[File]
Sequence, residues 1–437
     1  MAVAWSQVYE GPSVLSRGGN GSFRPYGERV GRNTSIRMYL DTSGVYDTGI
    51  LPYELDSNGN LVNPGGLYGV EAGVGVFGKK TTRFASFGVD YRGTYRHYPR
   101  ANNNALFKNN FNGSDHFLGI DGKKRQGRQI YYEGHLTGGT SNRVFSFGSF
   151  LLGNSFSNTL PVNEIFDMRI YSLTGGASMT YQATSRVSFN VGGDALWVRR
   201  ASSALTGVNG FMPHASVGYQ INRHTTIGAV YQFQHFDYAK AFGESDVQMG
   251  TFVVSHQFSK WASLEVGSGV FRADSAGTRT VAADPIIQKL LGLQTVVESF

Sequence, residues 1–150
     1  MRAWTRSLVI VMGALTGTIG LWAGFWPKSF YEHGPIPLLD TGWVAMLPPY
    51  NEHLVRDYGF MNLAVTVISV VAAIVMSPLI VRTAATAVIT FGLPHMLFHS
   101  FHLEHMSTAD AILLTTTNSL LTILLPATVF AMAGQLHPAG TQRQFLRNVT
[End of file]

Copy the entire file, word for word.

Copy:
Sequence, residues 1–437
     1  MAVAWSQVYE GPSVLSRGGN GSFRPYGERV GRNTSIRMYL DTSGVYDTGI
    51  LPYELDSNGN LVNPGGLYGV EAGVGVFGKK TTRFASFGVD YRGTYRHYPR
   101  ANNNALFKNN FNGSDHFLGI DGKKRQGRQI YYEGHLTGGT SNRVFSFGSF
   151  LLGNSFSNTL PVNEIFDMRI YSLTGGASMT YQATSRVSFN VGGDALWVRR
   201  ASSALTGVNG FMPHASVGYQ INRHTTIGAV YQFQHFDYAK AFGESDVQMG
   251  TFVVSHQFSK WASLEVGSGV FRADSAGTRT VAADPIIQKL LGLQTVVESF

Sequence, residues 1–150
     1  MRAWTRSLVI VMGALTGTIG LWAGFWPKSF YEHGPIPLLD TGWVAMLPPY
    51  NEHLVRDYGF MNLAVTVISV VAAIVMSPLI VRTAATAVIT FGLPHMLFHS
   101  FHLEHMSTAD AILLTTTNSL LTILLPATVF AMAGQLHPAG TQRQFLRNVT